Proving charges tricky in India's spectrum scandal

In India’s telecom industry it is no secret that a handful of favored companies acquired valuable spectrum at prices much lower than they would have been in an open market.
 
But as the federal Central Bureau of Investigation (CBI) embarks on a probe of possible irregularities between telecom officials and companies, there is skepticism on what it will be able to conclusively prove. 
 
The CBI raided the offices of the Department of Telecom (DoT) on Friday as well as the offices of ten telcos, the Economic Times reported.
 
The agency is probing the sale of sold 2G spectrum to select companies in January 2008, for the same price at which it was sold in 2001.
 
“These charges are not easy to prove. The events under the lens are from roughly two years ago” says Mahesh Uppal, director of the telecom consultancy Com First (India) Pvt Ltd.
 
“The compulsions of coalition politics are the main reason why not much has been done about this. In India the chances of any serious action against errant politicians/bureaucrats are generally low.”
 
Minister for Communications and Information Technology, A Raja, presided over the 2008 sale, which drew criticism because companies like Unitech that didn’t have a core telecom business picked up licenses for very low prices and then sold them off to foreign operators at high profits.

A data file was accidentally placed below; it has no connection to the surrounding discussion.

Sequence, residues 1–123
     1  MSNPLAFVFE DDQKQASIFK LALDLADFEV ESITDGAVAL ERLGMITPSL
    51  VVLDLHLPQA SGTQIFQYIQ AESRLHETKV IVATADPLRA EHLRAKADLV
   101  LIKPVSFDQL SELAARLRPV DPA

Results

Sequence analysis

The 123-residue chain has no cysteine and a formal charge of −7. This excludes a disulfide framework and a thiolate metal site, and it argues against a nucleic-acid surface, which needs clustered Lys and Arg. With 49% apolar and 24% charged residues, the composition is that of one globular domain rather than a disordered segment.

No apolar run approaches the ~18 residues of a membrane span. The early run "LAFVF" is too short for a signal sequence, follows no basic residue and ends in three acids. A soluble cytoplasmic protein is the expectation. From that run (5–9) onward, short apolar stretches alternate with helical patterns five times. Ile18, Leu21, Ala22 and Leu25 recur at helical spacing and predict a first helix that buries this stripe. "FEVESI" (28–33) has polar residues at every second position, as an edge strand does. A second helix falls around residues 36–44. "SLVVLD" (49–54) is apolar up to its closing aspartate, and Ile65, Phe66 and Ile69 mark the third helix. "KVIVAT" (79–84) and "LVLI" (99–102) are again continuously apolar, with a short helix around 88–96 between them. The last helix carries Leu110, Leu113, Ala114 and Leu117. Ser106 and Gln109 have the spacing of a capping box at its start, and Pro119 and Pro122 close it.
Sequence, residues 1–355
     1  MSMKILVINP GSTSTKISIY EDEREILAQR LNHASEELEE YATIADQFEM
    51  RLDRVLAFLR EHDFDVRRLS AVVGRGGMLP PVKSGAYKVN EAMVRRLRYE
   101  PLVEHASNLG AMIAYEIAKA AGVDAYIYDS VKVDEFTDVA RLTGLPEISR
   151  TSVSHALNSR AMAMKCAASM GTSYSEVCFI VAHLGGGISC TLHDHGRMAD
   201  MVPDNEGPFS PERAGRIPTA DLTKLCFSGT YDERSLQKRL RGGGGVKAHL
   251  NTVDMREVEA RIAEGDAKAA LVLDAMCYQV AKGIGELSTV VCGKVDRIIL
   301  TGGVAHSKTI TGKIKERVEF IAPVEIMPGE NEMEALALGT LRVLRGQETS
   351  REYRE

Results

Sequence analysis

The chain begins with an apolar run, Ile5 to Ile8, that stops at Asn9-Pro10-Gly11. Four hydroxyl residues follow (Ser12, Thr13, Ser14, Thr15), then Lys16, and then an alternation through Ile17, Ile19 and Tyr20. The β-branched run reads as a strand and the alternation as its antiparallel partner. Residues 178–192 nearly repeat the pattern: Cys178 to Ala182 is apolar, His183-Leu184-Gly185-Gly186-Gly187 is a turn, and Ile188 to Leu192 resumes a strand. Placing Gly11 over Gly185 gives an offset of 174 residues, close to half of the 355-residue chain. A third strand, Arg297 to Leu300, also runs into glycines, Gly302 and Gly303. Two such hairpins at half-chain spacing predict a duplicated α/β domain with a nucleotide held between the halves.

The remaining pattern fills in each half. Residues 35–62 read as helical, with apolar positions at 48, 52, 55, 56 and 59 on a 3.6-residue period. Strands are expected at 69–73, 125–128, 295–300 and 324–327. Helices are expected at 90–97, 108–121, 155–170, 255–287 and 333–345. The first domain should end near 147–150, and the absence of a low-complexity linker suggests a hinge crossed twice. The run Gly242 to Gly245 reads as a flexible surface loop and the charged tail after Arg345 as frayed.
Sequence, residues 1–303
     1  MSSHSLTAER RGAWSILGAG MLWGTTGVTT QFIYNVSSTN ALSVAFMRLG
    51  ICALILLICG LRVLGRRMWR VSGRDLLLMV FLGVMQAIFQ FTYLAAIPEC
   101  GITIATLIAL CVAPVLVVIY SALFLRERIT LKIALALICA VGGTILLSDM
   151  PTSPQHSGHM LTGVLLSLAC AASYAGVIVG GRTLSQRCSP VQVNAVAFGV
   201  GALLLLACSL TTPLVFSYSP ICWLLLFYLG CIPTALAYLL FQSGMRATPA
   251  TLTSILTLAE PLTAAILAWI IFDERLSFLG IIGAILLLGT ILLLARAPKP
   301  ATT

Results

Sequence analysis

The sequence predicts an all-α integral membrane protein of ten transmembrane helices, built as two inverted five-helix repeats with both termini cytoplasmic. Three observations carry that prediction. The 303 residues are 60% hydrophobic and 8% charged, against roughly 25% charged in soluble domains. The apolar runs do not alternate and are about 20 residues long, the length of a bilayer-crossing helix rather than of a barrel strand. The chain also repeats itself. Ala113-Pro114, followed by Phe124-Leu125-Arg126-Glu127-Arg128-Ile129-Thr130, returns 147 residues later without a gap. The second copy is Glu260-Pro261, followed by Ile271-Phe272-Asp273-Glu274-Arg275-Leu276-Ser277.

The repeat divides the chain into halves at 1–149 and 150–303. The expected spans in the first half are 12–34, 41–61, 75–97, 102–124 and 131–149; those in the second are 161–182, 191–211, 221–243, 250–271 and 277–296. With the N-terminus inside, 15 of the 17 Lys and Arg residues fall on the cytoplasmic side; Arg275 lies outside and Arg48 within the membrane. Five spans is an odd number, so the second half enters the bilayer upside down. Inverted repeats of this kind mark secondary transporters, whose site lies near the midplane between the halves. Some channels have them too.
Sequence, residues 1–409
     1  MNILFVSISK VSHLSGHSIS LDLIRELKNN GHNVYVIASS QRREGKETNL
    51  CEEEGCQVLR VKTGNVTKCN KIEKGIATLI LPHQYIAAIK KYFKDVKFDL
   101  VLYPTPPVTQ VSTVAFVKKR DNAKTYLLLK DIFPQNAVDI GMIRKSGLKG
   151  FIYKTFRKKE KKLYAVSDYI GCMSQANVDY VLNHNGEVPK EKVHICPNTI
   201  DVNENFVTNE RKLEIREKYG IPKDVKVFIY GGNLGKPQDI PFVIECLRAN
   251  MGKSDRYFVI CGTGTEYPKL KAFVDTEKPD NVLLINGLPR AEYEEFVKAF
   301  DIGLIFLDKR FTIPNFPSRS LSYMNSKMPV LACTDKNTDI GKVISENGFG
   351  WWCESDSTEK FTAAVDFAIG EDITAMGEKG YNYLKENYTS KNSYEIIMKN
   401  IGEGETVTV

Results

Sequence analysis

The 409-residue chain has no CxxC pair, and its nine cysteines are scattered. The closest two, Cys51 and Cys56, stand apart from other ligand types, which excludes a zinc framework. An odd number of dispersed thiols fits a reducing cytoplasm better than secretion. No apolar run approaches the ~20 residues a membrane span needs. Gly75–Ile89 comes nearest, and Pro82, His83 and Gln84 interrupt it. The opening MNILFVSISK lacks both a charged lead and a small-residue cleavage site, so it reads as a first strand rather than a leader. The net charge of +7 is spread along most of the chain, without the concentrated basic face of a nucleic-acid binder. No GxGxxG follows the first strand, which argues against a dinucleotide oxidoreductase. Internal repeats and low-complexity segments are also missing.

Raja has absolved himself of any wrong doing, in the face of opposition calls for his resignation. The minister is part of the ruling Congress coalition and after the CBI raided the offices of the Department of Telecom Thursday, he told media: “All decisions on spectrum licensing have been taken in accordance with procedures and in consultation with the prime minister.”
 
On Sunday, Prime Minister Manmohan Singh, who is in Hua Hin, Thailand for a conference, refused to publicly support Raja or answer questions on whether the minister should resign.
 
But even if the controversy results in Raja’s resignation, it’s unlikely to have an immediate impact. “I don’t expect a major change in the scenario that will impact immediate decisions,” says Uppal.
 
The next big event for the industry is the auction of 3G spectrum, which is going to be held on January 14, the Department of Telecom announced over the weekend. It was earlier scheduled for December 7.

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